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“Wonder Woman” is unlike any other superhero movie that’s come down the pike, and the money it has made over the last few weeks bears that out. People like it. It doesn’t have a conflicted hero, a la Batman or Superman, or a wise-guy hero, like Ironman or Spider-Man, or someone flawed and vengeful, like Deadpool. It is not a robot (Transformers), or a Norse god (Thor), or a normal person who puts on a super-power ring (The Green Lantern).

It’s a good movie, this story of Diana (Gal Godot), princess of the Amazons, a legendary (ah, there’s that word again!) group of female warriors who live on the island of Themyscira, a fictional, mystical wonder of a Greek isle in the Aegean Sea. Created by Zeus as a place for the Amazons to live and train, Themyscira was given a protective fog to keep visitors out and sits amid the many islands between Greece and the Anatolian peninsula.

Diana’s mother, the Amazon queen Hippolyta (Connie Nielsen), hinted that her daughter was formed from clay and given life by the goddess Aphrodite, but there is another well-known story that Zeus, that philandering playboy, dallied with Hippolyta and their union brought forth Diana. The latter theory bears some fruit given Diana’s powers. But more on that later.

Hippolyta did not want her daughter to grow up a warrior, but her aunt, General Antiope (Robin Wright), sees promise and begins to train her in the art of battle. Much to her mother’s distress, Diana is a natural, and soon becomes Antiope’s best student. When she begins to learn the extent of her powers, and learns how to use the two gauntlets she wears on her wrists, she’s finally able to defeat Antiope in training, and this causes her great distress because she loves her aunt. Antiope, who loves her niece, is delighted, though.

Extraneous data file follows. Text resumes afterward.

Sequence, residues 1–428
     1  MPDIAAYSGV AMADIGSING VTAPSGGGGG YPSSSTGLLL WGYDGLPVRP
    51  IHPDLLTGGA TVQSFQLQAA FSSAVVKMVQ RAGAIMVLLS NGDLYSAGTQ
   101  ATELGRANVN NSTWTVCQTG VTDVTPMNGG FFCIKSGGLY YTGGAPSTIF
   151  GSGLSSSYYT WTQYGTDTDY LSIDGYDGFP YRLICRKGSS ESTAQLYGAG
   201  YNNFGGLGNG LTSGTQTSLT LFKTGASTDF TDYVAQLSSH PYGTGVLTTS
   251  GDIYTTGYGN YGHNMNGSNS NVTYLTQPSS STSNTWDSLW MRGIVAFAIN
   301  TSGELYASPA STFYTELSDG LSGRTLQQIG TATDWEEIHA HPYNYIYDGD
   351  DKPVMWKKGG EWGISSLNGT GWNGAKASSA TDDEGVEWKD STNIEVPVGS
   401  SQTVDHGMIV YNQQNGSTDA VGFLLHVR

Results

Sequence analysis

Diana runs off and heads toward the cliff that commands a great view of the ocean that surrounds her protected island. She glimpses a biplane blasting through the protective fog and crashing into the ocean. Without a thought, she dives into the water and discovers the pilot, Steve Trevor (Chris Pine), who is unable to open his safety belt and get out of the cockpit. She helps him and brings him up to the surface, where she sees a German ship approaching and two boats of soldiers heading toward their island.

Major battle between the Germans and the Amazons. No contest, really. Those women really know how to fight. Diana and newly revived Steve Trevor help out, and soon the Germans are dispatched. This was Diana’s first taste of real battle. Trevor tells the women that the Germans have a very powerful chemical weapon, a very potent form of mustard gas, that a particular general named Ludendorff is overseeing, and if they should use it, thousands could die.

When things seem inevitable, Hippolyta shows Diana the sword Zeus had forged, called the “God Killer,” which he gave to the Amazons. He hoped the sword would be used against his son Ares, the god of war, who defeated all the other gods in battle and even, according to this legend, ultimately defeated Zeus himself.